Very few people welcome an unsolicited opinion. They welcome them even less from someone they don’t know very well, if at all. Pitching a product or service to someone with the attitude that “you know they need it” is just like an unsolicited opinion. What gives you the right to tell me what I need when you know so very little about me?
This is the fatal mistake far too many salespeople make – assuming that everyone can use or benefit from their product. Frankly, few business owners have the time to meet with people who know nothing about their business or with someone who believes they already have the answer.
Believing in what you’re selling is great. Having a high degree of confidence in where the product has been most successful or well received is wonderful. Even having the experience or familiarity with the types of organizations that value your product can be beneficial. However, there is one problem—like the unsolicited opinion, you have not earned the right to tell anyone what they need. Until you spend some time learning, nobody cares what you think.
The fundamental flaw in the “I know what they need” sales approach is that the sales professional has made the mistake of looking at the sales arena through the wrong lenses — theirs.
Great sales professionals have the uncanny ability to see, recognize, and understand the world through their customers’ eyes. In order to communicate with the customer as a trusted advisor—someone who has earned the right to offer advice to a challenge or issue – the sales professional must engage in the learning process first. It is this learning process that provides valuable information, builds trust, establishes credibility, and facilitates the establishment of a professional rapport between client and salesperson.
When a salesperson walks in with the answers to a problem that has not been verified, discovered, discussed, or revealed, their ignorance and their arrogance is exposed. When this occurs, there is no opportunity to recover and build a relationship. There is only resistance to spending anytime with someone who comes in with answers without even knowing whether there was a question.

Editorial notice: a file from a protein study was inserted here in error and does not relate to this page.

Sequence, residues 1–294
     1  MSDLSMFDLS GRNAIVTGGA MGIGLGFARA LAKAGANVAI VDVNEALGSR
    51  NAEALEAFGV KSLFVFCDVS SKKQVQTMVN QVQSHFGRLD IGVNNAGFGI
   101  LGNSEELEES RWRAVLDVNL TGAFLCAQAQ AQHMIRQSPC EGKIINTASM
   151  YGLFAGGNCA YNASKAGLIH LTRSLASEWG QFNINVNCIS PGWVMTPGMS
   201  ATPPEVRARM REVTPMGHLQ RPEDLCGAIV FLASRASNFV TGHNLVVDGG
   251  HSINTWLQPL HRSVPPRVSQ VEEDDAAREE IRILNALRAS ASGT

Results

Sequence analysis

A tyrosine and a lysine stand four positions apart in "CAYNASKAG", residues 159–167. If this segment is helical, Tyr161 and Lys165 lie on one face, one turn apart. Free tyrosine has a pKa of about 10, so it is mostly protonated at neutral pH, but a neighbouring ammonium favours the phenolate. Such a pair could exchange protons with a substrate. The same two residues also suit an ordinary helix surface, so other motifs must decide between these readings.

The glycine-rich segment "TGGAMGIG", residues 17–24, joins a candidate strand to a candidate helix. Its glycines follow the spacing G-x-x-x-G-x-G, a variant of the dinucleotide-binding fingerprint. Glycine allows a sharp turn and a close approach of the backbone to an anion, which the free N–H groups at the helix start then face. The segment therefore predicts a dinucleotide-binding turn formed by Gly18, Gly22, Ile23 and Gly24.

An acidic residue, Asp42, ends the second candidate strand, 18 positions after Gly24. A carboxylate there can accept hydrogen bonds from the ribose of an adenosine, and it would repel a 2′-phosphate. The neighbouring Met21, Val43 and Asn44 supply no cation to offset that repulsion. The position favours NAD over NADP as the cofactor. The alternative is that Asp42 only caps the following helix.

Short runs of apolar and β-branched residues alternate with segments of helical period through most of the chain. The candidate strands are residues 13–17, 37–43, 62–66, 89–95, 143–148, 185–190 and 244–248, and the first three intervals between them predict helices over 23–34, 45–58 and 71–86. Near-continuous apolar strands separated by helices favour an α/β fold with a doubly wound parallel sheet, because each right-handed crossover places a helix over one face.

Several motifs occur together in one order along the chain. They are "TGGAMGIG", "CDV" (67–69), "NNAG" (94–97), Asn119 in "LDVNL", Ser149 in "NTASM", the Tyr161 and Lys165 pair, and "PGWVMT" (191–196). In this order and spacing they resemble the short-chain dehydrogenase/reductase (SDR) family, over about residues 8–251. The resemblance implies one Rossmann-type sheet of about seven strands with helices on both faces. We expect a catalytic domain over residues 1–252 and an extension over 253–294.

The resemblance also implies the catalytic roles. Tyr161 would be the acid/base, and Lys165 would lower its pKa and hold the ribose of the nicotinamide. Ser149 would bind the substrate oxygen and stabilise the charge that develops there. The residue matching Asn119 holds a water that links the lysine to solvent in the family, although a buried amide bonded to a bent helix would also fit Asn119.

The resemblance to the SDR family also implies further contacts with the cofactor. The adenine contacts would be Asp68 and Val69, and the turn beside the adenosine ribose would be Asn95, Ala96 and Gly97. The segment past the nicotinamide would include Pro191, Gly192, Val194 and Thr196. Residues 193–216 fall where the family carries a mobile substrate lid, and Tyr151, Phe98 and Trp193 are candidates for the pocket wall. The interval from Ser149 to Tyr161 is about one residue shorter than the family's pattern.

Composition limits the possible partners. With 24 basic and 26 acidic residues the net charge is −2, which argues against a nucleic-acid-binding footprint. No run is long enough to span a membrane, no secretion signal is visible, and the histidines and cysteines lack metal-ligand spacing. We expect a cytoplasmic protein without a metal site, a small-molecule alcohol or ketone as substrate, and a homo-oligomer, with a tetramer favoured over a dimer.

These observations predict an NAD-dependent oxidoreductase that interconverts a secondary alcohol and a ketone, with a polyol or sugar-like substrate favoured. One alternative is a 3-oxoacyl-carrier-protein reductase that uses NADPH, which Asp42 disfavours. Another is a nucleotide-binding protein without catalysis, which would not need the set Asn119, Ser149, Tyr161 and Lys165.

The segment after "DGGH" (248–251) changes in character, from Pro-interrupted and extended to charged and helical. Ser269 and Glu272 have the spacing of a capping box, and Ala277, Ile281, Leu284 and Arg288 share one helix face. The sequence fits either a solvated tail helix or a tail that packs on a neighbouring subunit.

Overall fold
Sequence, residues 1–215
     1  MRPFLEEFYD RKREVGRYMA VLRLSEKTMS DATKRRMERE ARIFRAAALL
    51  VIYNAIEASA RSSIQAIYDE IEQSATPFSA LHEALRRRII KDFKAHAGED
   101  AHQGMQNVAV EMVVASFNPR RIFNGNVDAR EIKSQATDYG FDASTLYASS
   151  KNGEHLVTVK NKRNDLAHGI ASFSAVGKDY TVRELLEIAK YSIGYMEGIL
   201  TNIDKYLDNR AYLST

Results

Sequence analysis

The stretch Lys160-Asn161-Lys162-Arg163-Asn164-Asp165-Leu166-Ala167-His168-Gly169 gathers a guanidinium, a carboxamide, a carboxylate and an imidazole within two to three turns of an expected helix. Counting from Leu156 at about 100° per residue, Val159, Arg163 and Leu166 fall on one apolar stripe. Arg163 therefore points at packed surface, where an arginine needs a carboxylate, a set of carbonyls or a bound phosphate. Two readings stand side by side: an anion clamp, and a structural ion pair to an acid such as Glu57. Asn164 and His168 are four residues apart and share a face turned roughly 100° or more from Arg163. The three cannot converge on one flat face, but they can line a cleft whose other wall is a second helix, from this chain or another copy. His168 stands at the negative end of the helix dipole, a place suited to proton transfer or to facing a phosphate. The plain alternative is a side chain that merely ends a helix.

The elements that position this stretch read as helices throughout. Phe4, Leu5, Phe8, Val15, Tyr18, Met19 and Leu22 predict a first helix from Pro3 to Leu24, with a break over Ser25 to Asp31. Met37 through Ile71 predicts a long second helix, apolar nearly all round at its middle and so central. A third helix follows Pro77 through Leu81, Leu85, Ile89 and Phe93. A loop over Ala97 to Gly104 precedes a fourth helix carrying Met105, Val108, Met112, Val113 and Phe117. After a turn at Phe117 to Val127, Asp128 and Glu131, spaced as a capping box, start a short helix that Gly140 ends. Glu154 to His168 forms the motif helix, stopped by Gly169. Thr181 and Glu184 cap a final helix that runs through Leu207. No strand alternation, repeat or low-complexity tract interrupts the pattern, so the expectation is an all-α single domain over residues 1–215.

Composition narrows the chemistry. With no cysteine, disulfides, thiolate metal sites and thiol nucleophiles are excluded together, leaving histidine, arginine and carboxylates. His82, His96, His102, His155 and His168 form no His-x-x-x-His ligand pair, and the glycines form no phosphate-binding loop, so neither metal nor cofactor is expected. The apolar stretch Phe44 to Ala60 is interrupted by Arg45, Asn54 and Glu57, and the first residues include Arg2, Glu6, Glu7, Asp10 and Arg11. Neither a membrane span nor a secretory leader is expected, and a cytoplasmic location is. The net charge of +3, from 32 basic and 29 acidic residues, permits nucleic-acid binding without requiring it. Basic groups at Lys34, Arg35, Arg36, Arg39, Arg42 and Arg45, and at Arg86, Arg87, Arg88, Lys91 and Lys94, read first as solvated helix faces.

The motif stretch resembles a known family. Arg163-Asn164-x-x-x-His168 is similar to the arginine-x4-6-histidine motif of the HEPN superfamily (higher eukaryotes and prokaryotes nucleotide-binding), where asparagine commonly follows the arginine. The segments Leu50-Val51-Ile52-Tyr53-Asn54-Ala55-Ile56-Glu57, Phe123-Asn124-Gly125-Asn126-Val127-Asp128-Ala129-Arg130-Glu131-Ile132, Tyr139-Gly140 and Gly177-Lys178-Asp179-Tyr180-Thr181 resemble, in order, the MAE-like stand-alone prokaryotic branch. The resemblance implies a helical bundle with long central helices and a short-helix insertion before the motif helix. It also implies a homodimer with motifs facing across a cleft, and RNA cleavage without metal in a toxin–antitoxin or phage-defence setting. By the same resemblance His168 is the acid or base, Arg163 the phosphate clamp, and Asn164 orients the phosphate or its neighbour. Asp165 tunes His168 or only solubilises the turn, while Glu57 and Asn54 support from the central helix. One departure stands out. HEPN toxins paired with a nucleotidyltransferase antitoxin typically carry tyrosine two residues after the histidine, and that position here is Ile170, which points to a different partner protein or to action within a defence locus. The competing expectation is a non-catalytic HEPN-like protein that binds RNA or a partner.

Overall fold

No matter how effective, wonderful, valuable, innovative, or amazing the product is, there is little to opportunity to amaze anyone with it until you have invested the time building the relationship by learning all that you do not know about your client’s business. If your perspective is outbound on the customer, you need to change your viewpoint. See and understand the world from the client’s perspective, internalize what they know, observe, and live everyday and you will have potentially earned the right to express your opinion; or, offer your advice. If you have not earned the right, you are wasting everyone’s time.
Here are three things to consider before expressing your unsolicited opinion:
- How much do you know about your prospect’s business? By definition, “know” is specifically what they have shared directly with you about the issues, challenges, and opportunities in their organization.
- Every single business owner has these fundamental drivers – make money, save money, solve a problem, fulfill a need. How effectively can you directly link your product to something you “know” about their business that will help them accomplish one of these objectives?
- How did the prospect or client solicit your thoughts or ideas on how to solve their problem? This often happens when you have earned the right – when a business owner trusts you enough, they will often ask for your advice. That is the open window to share how you and your product can help.
Stop “selling” and start “solving.” Keep your opinions to yourself and starting learning all about the many things you don’t know. When you are done listening and learning, ask yourself – did they ask for my opinion? If they didn’t, you haven’t earned the right, yet. Keep working at it.